According to William James experiences, including conscious thoughts, flow in a stream of consciousness. Peter Geach argued that whatever we say about other experiences, conscious thoughts at least do not flow, but rather occur in discrete sequences. A number of recent arguments against cognitive phenomenology take Geach’s criticisms of James as their point of departure. In the book I examine them in detail and give reasons to think none works. Here I will discuss the background to these arguments, showing that Geach himself at least provided no good reason for skepticism about cognitive phenomenology.
What is a Jamesian stream of consciousness? Let’s say that a minimal stream of consciousness is a binary relation between times and experiences. A Jamesian stream of consciousness is a minimal stream of consciousness that also meets the following constraints:
Synchronic Unity: The experiences a stream of consciousness assigns to one time tend to be phenomenally unified.
No Constancy: If t1 and t2 are different times in the domain of a stream of consciousness, then there is some experience the stream assigns to one of t1 or t2 but not the other.
Diachronic Unity: For any time t within the domain of a stream of consciousness, if there is any interval around t, then there is an interval I around t such that the experiences the stream assigns to t tend to be phenomenally unified with the experiences the stream assigns to other times within I.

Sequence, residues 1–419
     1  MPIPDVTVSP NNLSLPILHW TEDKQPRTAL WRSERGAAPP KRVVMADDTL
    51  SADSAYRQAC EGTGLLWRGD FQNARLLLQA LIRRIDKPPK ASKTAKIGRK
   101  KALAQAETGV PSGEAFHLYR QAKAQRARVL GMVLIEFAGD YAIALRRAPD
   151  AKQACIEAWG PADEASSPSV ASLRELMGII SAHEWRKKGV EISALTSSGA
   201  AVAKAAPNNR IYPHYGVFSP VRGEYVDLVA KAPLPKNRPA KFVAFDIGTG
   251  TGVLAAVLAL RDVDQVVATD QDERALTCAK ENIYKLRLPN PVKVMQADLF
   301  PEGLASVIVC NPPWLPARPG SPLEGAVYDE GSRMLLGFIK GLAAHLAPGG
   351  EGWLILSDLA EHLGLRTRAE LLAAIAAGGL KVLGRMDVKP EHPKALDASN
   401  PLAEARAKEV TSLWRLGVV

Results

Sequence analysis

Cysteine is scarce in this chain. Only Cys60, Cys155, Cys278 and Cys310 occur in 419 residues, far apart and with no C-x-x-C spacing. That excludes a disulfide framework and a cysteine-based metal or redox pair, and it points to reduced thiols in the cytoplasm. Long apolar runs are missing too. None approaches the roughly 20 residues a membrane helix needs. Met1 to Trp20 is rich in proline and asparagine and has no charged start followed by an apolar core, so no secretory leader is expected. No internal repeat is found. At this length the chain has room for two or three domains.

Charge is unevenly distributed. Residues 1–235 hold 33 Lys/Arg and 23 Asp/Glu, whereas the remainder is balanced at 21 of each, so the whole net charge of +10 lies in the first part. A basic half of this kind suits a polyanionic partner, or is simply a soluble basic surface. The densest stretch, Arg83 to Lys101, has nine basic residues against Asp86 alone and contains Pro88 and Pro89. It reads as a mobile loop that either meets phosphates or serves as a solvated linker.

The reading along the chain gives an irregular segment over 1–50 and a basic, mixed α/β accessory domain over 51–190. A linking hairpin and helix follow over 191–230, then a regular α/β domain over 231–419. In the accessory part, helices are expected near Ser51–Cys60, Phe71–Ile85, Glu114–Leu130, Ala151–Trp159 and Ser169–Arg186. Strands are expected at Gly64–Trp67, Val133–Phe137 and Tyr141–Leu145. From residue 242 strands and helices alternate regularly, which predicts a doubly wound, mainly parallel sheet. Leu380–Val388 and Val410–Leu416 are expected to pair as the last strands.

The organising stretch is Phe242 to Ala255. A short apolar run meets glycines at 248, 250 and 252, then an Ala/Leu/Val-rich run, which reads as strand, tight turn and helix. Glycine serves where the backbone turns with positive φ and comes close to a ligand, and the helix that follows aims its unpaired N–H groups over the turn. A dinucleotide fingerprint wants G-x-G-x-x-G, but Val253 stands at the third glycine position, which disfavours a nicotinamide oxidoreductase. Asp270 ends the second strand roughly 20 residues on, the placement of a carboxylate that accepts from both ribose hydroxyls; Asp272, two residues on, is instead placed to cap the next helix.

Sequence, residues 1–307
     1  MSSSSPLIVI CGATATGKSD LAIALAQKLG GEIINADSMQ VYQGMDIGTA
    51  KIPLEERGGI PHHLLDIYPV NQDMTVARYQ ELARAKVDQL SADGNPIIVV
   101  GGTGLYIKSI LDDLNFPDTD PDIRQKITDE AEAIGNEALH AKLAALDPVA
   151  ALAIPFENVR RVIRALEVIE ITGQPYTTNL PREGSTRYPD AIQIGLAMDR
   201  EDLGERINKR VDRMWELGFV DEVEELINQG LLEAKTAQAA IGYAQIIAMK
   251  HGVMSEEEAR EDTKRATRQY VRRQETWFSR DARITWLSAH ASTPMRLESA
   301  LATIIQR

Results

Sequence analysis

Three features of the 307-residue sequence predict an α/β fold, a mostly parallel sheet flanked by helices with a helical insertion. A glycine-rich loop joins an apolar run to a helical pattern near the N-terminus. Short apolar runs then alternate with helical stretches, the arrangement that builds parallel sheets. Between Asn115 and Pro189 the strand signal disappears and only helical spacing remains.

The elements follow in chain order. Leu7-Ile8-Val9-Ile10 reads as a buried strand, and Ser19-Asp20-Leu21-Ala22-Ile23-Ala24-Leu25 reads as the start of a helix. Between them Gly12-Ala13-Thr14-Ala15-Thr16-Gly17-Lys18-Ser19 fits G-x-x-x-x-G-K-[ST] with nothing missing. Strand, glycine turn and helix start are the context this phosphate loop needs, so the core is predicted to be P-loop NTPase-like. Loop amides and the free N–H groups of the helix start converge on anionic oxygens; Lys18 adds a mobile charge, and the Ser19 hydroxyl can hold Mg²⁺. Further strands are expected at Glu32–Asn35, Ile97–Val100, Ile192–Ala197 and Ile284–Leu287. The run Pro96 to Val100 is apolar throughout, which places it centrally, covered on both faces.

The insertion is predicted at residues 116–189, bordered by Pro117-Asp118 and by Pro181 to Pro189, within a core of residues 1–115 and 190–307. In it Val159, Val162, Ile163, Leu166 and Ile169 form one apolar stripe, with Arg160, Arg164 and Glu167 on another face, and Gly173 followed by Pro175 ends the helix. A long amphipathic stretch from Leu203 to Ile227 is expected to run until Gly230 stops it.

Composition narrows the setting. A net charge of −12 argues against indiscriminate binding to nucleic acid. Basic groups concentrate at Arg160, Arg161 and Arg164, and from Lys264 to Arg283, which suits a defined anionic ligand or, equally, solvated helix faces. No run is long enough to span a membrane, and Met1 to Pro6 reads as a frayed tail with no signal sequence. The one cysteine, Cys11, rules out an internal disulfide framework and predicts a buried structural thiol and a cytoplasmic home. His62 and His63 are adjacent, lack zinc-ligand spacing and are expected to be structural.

These come from an analysis of James’ discussion in The Principles of Psychology. I won’t try to defend the analysis here, but just assume it is accurate.
Now let’s look at what Geach says. In his paper “What Do We Think With?” (reprinted in God and the Soul) he writes:
Thinking consists in having a series of thoughts which can be counted off discretely—the first, the second, the third, …—; which, if complex, must occur with all their elements present simultaneously; which do not pass into one another by gradual transition.
Geach explicitly contrasts this view with James’s: “thoughts occur not in a Jamesian stream, but as I maintain that they do—as a series in which certain thought-contents successively occur; with no succession within any one thought and no gradual transition from one thought to another…”
The challenge to cognitive phenomenology might be put like this:
(1) If thoughts have irreducibly cognitive phenomenal characters, then they must occur in a Jamesian stream of consciousness
(2) But as Geach points out, thoughts do not occur in a Jamsian stream of consciousness.
(3) So thoughts do not have irreducibly cognitive phenomenal characters.
Let’s grant (1). Premise (2) is mistaken. Geach’s plausible observations about the sequential character of thinking do not imply that thoughts cannot occur in a Jamesian stream of consciousness. This is obvious once you make Geach’s observations more precise.
Geach makes two observations about the sequential character of thinking. Here are sharper formulations:
Simultaneity: Suppose you think that p at t. Then all the parts of your thought that p occur at t.
Disjointness: Suppose you think that p at ta and think that q at a distinct time tb. Then there is no overlap between your thought that p and your thought that q—i.e. your thought that p and your thought that q do not share any parts.
Simultaneity is the claim that all the parts of a thought occur simultaneously and Disjointness is the claim that there are no gradual transitions between thoughts.